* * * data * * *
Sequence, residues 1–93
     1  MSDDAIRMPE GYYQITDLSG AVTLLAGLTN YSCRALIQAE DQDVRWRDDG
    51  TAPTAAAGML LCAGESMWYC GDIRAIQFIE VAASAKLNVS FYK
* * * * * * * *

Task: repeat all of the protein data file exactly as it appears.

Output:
Sequence, residues 1–93
     1  MSDDAIRMPE GYYQITDLSG AVTLLAGLTN YSCRALIQAE DQDVRWRDDG
    51  TAPTAAAGML LCAGESMWYC GDIRAIQFIE VAASAKLNVS FYK